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Divorce: Taking the Family Out of the Family Business

Divorce is never easy, especially when it involves a family business. Often, it is the primary marital asset, and any settlement or award that includes a family business will rarely please everyone. But with planning and cooperation, the dissolution of your marriage may not have to necessarily adversely affect your business.

Before the Divorce

First, while the divorce is pending, spouses need to consider operational issues. Steps should be taken to protect the business and the cash flow, especially if the business is the family’s primary source of income. The Court can issue a Temporary Restraining Order (TRO) so that neither spouse can dispose of assets, hide income or otherwise temporarily harm the value of the business. Another option is to ask the Court to appoint a receiver, a neutral party who will handle and preserve the property, cash and assets and oversee the operations of the business.

Considering Your Options

When determining how to handle the business during and after the divorce, consider these questions:

  • Will one spouse keep the business?
  • Will the other spouse receive value for their interest in the business?
  • Should we sell the business outright?
  • What if other family members or friends have invested?

With the current economic recession, cash flow for the business may be seriously depleted by a “buy out” for one spouse. Even if a buy out is possible, the result may still be a reduction of cash flow or profits, which could impact the remaining owner’s income. If there are children in the family, this could also impact the amount of child support or the ability to pay child support.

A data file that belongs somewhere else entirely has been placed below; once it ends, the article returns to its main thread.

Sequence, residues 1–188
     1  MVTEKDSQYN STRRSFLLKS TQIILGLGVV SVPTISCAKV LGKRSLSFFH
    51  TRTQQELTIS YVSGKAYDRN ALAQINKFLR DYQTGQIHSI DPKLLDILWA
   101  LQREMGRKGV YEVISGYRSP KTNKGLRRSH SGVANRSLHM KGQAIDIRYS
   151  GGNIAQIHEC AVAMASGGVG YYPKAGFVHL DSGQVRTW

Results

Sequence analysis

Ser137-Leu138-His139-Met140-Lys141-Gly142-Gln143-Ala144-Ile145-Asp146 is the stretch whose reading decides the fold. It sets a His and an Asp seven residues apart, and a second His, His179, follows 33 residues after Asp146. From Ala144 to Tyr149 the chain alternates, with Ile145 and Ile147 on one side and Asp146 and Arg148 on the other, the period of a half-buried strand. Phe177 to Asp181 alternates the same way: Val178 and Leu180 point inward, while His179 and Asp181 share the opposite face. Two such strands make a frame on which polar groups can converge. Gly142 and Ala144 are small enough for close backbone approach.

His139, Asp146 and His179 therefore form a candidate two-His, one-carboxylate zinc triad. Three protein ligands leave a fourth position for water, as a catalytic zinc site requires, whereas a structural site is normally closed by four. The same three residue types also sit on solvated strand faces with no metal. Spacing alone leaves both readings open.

Both spouses could retain ownership of the business, but you must consider issues such as control of the operations and strategic management. Also consider whether you can rise above the obvious conflict that caused the parties to end their marriage.

Alternatively, spouses may consider selling the business. However, current market conditions may limit the marketability of the business or decrease the anticipated purchase price. Selling the business could also eliminate one or both spouses’ income earning abilities and also impact child support if there are children of the marriage.

Other challenges may present themselves if the business is owned with other family members or shareholders. Other parties may not wish to be brought into the divorce or to release information related to the operations or finances of the business. A distribution of assets may trigger tax consequences affecting other shareholders or may affect the operations of the business which, in turn, affects the income of the other non-family member shareholders.

Navigating the ins and outs of a divorce and a family business can be complicated—but the right advice can save you time, money and frustration. 

DISCLOSURE REQUIRED BY CIRCULAR 230. This Disclosure may be required by Circular 230 issued by the Department of Treasury and the Internal Revenue Service. If this page, including any attachments, contains any federal tax advice, such advice is not intended or written by the practitioner to be used, and it may not be used by any taxpayer, for the purpose of avoiding penalties that may be imposed on the taxpayer. Furthermore, any federal tax advice herein (including any attachment hereto) may not be used or referred to in promoting, marketing or recommending a transaction or arrangement to another party. Further information concerning this disclosure, and the reasons for such disclosure, may be obtained upon request from the author of this page. Thank you.

  • Partner

    Jan is a partner at Bingham Greenebaum Doll and concentrates her practice in the area of complex family law matters including dissolution of marriage, adoption, child custody, child support ...



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